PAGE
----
CaltechAUTHORS
  A Caltech Library Service

Bayesian Analysis of an Anisotropic Universe Model: Systematics and Polarization

Groeneboom, Nicolaas E. and Ackerman, Lotty and Wehus, Ingunn Kathrine and Eriksen, Hans Kristian (2010) Bayesian Analysis of an Anisotropic Universe Model: Systematics and Polarization. Astrophysical Journal, 722 (1). pp. 452-459. ISSN 0004-637X. http://resolver.caltech.edu/CaltechAUTHORS:20101104-090601006

[img]
Preview
PDF - Published Version
See Usage Policy.

1506Kb

Use this Persistent URL to link to this item: http://resolver.caltech.edu/CaltechAUTHORS:20101104-090601006

Abstract

We revisit the anisotropic universe model previously developed by Ackerman, Carroll, and Wise (ACW), and generalize both the theoretical and computational framework to include polarization and various forms of systematic effects. We apply our new tools to simulated Wilkinson Microwave Anisotropy Probe (WMAP) data in order to understand the potential impact of asymmetric beams, noise misestimation, and potential zodiacal light emission. We find that neither has any significant impact on the results. We next show that the previously reported ACW signal is also present in the one-year WMAP temperature sky map presented by Liu & Li, where data cuts are more aggressive. Finally, we re-analyze the five-year WMAP data taking into account a previously neglected (−i)^(l−l')-term in the signal covariance matrix. We still find a strong detection of a preferred direction in the temperature map. Including multipoles up to ℓ = 400, the anisotropy amplitude for the W band is found to be g = 0.29 ± 0.031, nonzero at 9σ. However, the corresponding preferred direction is also shifted very close to the ecliptic poles at (l, b) = (96, 30), in agreement with the analysis of Hanson & Lewis, indicating that the signal is aligned along the plane of the solar system. This strongly suggests that the signal is not of cosmological origin, but most likely is a product of an unknown systematic effect. Determining the nature of the systematic effect is of vital importance, as it might affect other cosmological conclusions from the WMAP experiment. Finally, we provide a forecast for the Planck experiment including polarization.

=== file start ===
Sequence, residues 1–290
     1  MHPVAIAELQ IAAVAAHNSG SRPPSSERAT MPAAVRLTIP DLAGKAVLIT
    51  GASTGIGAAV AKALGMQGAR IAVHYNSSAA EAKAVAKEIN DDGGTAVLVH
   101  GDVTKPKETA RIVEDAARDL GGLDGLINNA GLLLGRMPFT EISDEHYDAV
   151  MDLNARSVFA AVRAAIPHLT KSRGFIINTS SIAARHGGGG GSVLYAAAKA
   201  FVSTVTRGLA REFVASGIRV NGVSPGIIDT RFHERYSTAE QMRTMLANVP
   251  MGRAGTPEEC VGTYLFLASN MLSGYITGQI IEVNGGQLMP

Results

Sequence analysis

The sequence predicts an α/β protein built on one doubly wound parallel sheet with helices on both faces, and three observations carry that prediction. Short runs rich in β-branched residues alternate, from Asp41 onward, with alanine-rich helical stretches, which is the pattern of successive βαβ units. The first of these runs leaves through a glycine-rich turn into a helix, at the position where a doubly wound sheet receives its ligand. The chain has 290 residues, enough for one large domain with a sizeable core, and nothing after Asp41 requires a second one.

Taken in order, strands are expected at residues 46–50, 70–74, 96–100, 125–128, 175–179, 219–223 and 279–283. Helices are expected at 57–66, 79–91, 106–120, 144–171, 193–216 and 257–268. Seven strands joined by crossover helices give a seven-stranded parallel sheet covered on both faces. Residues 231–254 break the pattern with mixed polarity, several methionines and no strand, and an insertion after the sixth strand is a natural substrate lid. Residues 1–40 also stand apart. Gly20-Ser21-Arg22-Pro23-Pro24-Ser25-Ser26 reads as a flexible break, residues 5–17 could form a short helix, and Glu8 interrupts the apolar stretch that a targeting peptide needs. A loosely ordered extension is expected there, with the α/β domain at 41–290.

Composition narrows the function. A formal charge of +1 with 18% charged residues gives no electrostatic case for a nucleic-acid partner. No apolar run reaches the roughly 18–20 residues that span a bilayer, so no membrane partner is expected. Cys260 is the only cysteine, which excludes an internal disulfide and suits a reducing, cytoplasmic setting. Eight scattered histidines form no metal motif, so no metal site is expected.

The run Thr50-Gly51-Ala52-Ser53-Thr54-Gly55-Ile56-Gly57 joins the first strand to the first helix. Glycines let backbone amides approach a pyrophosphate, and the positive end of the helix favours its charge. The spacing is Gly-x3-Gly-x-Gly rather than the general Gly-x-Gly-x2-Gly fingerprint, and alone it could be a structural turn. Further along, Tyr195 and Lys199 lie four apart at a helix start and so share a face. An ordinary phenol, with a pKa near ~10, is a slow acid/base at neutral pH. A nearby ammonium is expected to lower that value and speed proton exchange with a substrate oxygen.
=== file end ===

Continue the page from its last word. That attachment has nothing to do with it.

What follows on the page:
Item Type:Article
Related URLs:
URLURL TypeDescription
http://dx.doi.org/10.1088/0004-637X/722/1/452DOIUNSPECIFIED
http://iopscience.iop.org/0004-637X/722/1/452/PublisherUNSPECIFIED
Additional Information:© 2010 American Astronomical Society. Received 2009 November 6; accepted 2010 August 13; published 2010 September 21. We thank Liu Hao and Ti-Pei Li for supplying us with their one-year WMAP data. We acknowledge use of the HEALPix7 software (Górski et al. 2005) and analysis package for deriving the results in this paper. We acknowledge the use of the Legacy Archive for Microwave Background Data Analysis (LAMBDA). Support for LAMBDA is provided by the NASA Office of Space Science. The authors acknowledge financial support from the Research Council of Norway.
Funders:
Funding AgencyGrant Number
Research Council of NorwayUNSPECIFIED
NASA Office of Space Science UNSPECIFIED
Subject Keywords:cosmic background radiation; cosmology: observations; methods: numerical
Classification Code:PACS: 98.80.Bp; 98.80.Cq; 98.70.Vc; 95.30.Gv
Record Number:CaltechAUTHORS:20101104-090601006
Persistent URL:http://resolver.caltech.edu/CaltechAUTHORS:20101104-090601006
Official Citation:Nicolaas E. Groeneboom et al 2010 ApJ 722 452 doi: 10.1088/0004-637X/722/1/452
Usage Policy:No commercial reproduction, distribution, display or performance rights in this work are provided.
ID Code:20661
Collection:CaltechAUTHORS
Deposited By: Ruth Sustaita
Deposited On:04 Nov 2010 16:34
Last Modified:26 Dec 2012 12:35

Repository Staff Only: item control page